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Poetry Friday: The Neuroscience of Mother Goose

Anna Maria she sat on the fire;
The fire was too hot, she sat on the pot;
The pot was too round, she sat on the ground;
The ground was too flat, she sat on the cat;
The cat ran away with Maria on her back.

There's no shortage of Mother Goose books on the market. Two that I like are Tomie dePaola's Mother Goose and Rosemary Wells' Here Comes Mother Goose. (The rhyme above comes from the dePaola book.) While I have only one of these on hand at the moment, I'd think there's some overlap; both author-illustrators use Iona and Peter Opie's classic versions of the rhymes. (The Opies, a husband-and-wife team, interviewed thousands of children and compiled The Oxford Dictionary of Nursery Rhymes, among many other titles.) The pictures are distinctly dePaola and Wells, and such visual treats.

I've had Mother Goose on my mind since I've been reading Proust and the Squid: The Story and Science of the Reading Brain, by Maryanne Wolf, a cognitive scientist and professor of child development at Tufts. Her book looks at how children learn to read—or, in some cases, why they don't learn to read. (I've not gotten to the dyslexia part yet.) Early language development is the most important precursor to reading, Wolf states. ("Early" refers to early in a child's life; she's not using it in the sense of "premature.") I was fascinated to hear what she has to say about nursery rhymes' contribution to the young child's reading brain. Keeping in mind that an example of a phoneme is just the /p/ sound in "pot," listen to this:

In addition to writing [with invented spelling, mentioned earlier in the book], there are other, equally entertaining ways to help children develop an awareness of phonemes. Mother Goose is one. Tucked inside "Hickory, dickory, dock, a mouse ran up the clock" and other rhymes can be found a host of potential aids to sound awareness—alliteration, assonance, rhyme, repetition. Alliterative and rhyming sounds teach the young ear that words can sound similar because they share a first or last sound.

No wonder reciting poetry helped some six year olds with dyslexia! That was the subject of a study I mentioned last summer. I've also noticed that some of my first-grade friends who struggle with reading do not know what a rhyme is.

Based on what I've read so far, I highly recommend Proust and the Reading Brain. Parents, classroom teachers, reading specialists, and everyone interested in children's literacy will find it particularly relevant. Kids will turn the pages of the dePaola and Wells books with glee because the rhymes are fun to hear and the pictures are delightful.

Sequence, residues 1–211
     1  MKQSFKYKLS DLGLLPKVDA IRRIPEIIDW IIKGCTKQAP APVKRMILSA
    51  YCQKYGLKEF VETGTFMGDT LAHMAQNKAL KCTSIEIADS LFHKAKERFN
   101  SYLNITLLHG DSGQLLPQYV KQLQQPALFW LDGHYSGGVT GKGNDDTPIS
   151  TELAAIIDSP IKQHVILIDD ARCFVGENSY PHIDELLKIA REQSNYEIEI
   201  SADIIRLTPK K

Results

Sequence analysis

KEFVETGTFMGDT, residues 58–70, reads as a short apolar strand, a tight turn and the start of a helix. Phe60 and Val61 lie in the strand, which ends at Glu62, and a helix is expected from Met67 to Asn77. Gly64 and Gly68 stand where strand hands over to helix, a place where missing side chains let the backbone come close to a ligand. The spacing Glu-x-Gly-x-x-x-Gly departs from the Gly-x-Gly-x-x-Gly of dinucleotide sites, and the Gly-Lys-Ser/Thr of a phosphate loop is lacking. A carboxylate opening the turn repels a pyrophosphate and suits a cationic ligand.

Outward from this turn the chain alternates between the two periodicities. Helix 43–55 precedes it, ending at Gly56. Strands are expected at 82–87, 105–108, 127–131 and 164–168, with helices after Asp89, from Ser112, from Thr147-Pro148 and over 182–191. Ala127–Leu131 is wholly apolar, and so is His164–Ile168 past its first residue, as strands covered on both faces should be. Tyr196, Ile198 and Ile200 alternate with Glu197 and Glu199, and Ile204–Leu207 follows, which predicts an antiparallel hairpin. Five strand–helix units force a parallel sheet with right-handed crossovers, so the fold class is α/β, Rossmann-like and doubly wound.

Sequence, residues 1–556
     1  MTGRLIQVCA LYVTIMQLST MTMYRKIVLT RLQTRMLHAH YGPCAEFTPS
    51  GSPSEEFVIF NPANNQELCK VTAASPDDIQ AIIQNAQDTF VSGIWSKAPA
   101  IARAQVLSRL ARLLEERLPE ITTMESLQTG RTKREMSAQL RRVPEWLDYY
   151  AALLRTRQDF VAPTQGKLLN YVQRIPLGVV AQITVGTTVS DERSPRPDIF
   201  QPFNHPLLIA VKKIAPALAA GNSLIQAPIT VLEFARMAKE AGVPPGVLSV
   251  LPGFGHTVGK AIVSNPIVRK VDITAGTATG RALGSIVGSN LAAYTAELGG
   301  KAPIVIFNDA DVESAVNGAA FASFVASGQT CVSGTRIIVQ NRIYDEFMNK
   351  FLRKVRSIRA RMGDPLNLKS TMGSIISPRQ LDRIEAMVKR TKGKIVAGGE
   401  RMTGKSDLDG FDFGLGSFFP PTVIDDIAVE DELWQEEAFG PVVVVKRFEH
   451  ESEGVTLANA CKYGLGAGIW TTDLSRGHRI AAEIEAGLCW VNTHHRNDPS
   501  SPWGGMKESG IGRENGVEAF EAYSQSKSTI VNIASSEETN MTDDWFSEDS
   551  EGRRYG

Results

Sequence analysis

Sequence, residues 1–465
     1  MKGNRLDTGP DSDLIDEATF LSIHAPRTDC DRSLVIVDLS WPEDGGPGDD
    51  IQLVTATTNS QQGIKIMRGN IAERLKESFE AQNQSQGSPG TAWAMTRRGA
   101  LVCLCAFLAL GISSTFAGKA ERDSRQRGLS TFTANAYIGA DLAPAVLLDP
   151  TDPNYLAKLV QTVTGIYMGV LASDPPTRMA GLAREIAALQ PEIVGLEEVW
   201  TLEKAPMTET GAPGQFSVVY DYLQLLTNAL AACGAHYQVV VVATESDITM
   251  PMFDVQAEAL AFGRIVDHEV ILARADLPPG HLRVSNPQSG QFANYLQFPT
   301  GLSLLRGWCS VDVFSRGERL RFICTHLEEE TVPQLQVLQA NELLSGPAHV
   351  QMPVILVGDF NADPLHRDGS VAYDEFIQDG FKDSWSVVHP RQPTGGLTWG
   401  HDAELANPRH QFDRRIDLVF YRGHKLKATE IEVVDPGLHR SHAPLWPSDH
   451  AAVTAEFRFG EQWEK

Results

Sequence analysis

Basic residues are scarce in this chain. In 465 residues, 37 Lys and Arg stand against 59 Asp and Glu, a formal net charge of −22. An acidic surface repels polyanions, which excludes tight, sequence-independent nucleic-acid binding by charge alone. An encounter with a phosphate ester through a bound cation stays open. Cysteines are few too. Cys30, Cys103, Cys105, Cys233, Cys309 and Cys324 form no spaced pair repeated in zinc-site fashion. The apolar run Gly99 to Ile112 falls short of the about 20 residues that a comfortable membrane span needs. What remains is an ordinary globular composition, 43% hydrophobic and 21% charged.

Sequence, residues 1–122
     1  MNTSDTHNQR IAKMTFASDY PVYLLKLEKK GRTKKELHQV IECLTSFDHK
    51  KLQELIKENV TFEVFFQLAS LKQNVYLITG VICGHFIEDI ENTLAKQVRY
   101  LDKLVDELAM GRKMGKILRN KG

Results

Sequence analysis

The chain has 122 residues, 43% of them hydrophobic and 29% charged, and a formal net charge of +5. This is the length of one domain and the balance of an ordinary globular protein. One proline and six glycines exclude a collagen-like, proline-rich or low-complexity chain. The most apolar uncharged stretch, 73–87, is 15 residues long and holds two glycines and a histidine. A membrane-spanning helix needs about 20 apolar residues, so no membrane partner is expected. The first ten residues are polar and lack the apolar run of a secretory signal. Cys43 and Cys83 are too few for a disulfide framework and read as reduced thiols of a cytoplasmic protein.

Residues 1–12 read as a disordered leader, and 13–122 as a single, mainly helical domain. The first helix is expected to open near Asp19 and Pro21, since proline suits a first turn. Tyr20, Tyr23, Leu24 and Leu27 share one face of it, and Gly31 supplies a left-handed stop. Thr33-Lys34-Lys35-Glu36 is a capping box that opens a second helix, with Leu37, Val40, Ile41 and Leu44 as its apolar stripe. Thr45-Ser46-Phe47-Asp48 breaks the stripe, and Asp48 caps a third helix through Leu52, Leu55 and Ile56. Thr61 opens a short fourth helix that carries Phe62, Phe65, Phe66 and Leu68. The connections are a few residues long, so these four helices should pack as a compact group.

Today's Poetry Friday roundup is at AmoXcalli.


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Wow! That sounds really, really interesting. I'll have to check it out as fodder for possible school visits.

I noticed when I did school visits for poetry in the spring that the ADD/ADHD kids did really well with poetry (and shocked the hell out of their teachers in the process with what they knew (and brought to the table) and with what they heard, retained and took away). I think there's something about the compressed imagery and use of language that really seizes their attention. And it wasn't just short poems, but things like Jabberwocky and Casey at the Bat, which take a while to get through and have lots of invented words (Jabberwocky) or tell a long, narrative story (Casey). I really think the benefits of poetry for kids with learning disabilities merits serious study.

Oh, what a wonderful timely post. I'm intrigued to read the links you've given - thanks.
I homeschool my three kids, and we've always done a lot of poetry memorization. I think it has been incredibly helpful in teaching them awareness of the nuances in literature we read, plus it's just plain fun.

I also love that Rosemary Wells Mother Goose book. We have all her Max books, too. My eldest is named Max, so how could we not. And we still quote her: "Because, Max!" or "That's enough questions, Max, you have to go to sleep now."

Kelly, that's so interesting about the ADHD kids and writing poetry. I think you're onto something. I want to read more about the study on poetry recitation and dyslexia; I'm no neuroscientist (yeah, I know, do tell), but it sounds like the recitation of poetry is repairing--or creating--something in the brain.

Sheila, you're right: reading poetry is "just plain fun"! It's very cool to hear that y'all incorporate poetry and recitation into your homeschooling. I am completely amazed at the connections that Proust and the Reading Brain brings up.

Max and Ruby were two constant companions when my son was younger. Aren't they funny?

I've long heard about the connection of Mother Goose to learning to read. There are so many elements; rhyme, rhythm, phonemic awareness, musical language, imagery, humor, intense emotion, social relationships, connections, story, cultural information, vocabulary... the list goes on. The Proust book sounds like one I should read. We do a lot of poetry in our house, mostly because it's so much fun.

Did you hear the thing on NPR this week about the study of kids learning to read better/easier in families that eat dinner together? Again they found layers of important elements; some of which were social relationships, organizational skills, and conversational/narrative/vocabulary development.

No, I didn't hear the NPR thing. I'll look for that. Thanks! I'm finding the book really interesting, Cloudscome; I bet you would, too.

WHAT a great idea! When I was teaching kids with learning disabilities, we spent a little time each morning memorizing something to try and repeat it by the end of the week. I always felt it helped them remember other things, but it's amazing to know that it REALLY may have helped their brain development. This is really exciting, thanks for the title.